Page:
hired auditors to re-examine its books, and added that the Nasdaq may delist its faltering shares.
The news comes the week after the telecom network operator said it would be forced to restate past earnings. The restatement news shocked Wall Street, coming just five months after Global Crossing emerged from Chapter 11 protection. The company's stock lost more than half its value in the span of a week. On Monday, Global Crossing rose 15 cents to close at $7.30.
The Florham Park, N.J., company said it hired Deloitte & Touche to review its books and some procedures, and engaged Grant & Thornton to review whether it could reissue audits that the firm said last week it would withdraw.
Last Thursday, Grant Thornton withdrew its audit reports for the past three quarters, saying the firm "cannot continue to be associated with" Global Crossing's financial statements.
Grant Thornton was replaced by Ernst & Young on April 1 after it reported some concerns about the company's methods. Grant Thornton had raised questions about what it called "significant deficiencies" that, in the aggregate, constituted "material weaknesses" in Global Crossing's accounting.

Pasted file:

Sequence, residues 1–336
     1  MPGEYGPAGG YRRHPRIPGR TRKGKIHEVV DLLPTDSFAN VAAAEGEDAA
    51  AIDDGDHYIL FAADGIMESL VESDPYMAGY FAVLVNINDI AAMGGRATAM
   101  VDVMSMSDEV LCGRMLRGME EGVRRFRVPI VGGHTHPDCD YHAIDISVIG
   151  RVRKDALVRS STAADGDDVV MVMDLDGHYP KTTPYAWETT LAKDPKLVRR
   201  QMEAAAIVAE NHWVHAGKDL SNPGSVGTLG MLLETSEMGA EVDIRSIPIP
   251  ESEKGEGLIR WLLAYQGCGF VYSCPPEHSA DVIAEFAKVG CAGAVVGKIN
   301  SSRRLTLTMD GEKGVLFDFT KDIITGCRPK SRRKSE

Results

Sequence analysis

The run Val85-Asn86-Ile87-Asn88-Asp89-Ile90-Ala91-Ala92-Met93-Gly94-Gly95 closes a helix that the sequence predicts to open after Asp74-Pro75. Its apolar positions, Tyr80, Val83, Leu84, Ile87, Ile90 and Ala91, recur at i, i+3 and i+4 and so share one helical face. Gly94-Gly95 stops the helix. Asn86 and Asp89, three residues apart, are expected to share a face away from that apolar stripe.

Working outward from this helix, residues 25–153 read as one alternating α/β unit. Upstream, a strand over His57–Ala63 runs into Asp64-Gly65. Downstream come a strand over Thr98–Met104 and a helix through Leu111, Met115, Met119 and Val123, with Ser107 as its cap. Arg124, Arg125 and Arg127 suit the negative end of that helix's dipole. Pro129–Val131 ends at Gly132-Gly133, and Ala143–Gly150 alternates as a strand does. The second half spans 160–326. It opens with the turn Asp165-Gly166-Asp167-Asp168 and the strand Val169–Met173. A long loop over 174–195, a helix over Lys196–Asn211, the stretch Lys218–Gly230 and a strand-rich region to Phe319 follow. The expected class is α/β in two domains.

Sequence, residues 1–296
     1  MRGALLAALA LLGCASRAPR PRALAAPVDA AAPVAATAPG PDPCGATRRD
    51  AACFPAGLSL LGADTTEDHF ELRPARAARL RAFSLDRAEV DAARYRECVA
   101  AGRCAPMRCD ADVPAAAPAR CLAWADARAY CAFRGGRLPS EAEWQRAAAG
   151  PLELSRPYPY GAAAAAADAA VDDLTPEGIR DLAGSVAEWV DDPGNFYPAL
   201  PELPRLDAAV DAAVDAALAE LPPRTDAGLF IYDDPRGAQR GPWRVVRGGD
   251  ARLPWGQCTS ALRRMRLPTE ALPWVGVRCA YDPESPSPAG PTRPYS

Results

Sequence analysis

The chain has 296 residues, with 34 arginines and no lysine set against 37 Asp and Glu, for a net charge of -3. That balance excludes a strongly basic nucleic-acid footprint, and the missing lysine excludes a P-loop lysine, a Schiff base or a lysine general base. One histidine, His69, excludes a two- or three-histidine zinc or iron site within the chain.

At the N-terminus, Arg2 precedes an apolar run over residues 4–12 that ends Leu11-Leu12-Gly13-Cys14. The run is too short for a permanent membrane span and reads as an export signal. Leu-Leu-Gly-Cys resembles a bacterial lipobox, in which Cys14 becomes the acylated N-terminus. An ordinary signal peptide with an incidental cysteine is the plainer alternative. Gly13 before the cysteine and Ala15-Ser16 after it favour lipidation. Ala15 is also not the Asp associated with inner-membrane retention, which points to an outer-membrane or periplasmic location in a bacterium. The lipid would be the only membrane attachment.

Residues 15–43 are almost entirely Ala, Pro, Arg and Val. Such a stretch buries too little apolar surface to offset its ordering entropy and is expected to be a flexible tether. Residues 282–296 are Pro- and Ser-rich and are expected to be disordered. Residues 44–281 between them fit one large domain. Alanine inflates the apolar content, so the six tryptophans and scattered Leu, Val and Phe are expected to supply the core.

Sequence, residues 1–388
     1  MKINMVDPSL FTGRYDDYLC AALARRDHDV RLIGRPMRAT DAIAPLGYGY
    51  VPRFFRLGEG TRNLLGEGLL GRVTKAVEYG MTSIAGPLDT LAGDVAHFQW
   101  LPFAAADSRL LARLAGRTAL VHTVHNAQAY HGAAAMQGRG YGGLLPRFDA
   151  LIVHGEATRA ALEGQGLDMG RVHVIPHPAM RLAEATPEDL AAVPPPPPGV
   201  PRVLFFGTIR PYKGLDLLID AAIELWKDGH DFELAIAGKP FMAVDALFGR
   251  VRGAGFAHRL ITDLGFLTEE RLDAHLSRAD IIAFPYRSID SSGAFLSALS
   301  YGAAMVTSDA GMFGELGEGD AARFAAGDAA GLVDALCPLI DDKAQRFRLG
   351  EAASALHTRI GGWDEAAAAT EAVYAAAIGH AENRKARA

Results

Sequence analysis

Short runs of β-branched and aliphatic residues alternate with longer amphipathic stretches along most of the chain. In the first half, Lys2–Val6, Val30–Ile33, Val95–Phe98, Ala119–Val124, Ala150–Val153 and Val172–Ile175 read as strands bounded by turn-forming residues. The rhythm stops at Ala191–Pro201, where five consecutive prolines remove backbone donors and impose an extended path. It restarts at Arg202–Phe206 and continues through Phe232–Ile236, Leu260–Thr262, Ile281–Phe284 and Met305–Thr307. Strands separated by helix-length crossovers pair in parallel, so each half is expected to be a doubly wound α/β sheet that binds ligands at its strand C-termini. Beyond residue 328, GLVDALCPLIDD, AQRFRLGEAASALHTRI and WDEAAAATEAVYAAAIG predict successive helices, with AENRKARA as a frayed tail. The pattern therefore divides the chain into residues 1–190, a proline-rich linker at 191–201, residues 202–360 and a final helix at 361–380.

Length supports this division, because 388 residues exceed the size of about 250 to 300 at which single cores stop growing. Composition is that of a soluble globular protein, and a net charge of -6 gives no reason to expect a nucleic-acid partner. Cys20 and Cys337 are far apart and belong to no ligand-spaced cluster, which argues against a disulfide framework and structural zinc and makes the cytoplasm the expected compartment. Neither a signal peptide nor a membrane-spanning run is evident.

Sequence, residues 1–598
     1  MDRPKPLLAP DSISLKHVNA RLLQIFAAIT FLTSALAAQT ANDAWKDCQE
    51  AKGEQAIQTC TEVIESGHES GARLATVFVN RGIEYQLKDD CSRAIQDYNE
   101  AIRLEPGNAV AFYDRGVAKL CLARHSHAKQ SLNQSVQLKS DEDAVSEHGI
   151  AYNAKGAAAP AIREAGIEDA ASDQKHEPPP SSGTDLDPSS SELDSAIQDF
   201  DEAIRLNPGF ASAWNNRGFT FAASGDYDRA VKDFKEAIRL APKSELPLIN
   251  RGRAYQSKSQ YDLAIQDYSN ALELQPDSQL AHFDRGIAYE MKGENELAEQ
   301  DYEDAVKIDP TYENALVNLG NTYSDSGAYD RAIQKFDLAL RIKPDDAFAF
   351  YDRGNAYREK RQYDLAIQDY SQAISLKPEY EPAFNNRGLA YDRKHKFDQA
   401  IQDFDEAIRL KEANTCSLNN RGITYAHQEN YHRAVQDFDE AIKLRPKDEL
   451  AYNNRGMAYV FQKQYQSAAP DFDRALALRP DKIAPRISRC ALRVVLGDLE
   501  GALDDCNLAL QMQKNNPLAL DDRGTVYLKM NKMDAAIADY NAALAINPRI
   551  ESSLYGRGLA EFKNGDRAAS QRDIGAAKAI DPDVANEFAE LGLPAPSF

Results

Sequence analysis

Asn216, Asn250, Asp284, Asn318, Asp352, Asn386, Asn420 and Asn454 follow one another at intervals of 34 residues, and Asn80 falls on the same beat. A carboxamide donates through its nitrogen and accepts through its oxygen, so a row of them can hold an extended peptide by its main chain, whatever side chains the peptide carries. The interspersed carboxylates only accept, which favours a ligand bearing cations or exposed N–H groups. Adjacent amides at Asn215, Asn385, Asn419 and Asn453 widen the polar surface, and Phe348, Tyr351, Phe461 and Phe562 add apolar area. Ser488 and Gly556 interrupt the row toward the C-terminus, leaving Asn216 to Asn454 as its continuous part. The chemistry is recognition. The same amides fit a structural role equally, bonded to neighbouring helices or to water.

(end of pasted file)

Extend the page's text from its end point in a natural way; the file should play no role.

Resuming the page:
Last Tuesday, Global Crossing said it would have to restate its 2003 financial results because it underestimated access costs. Those include expenses like the fees Global Crossing owes other phone companies that handle its traffic.
The company says its own preliminary review uncovered between $50 million and $80 million in understated access liabilities in 2003. Access costs are the largest expenses for the company, totaling $2 billion last year.
Due to the discovery, Global Crossing says its previous financial outlook for 2004 is no longer valid and that it is also reviewing the books for 2002.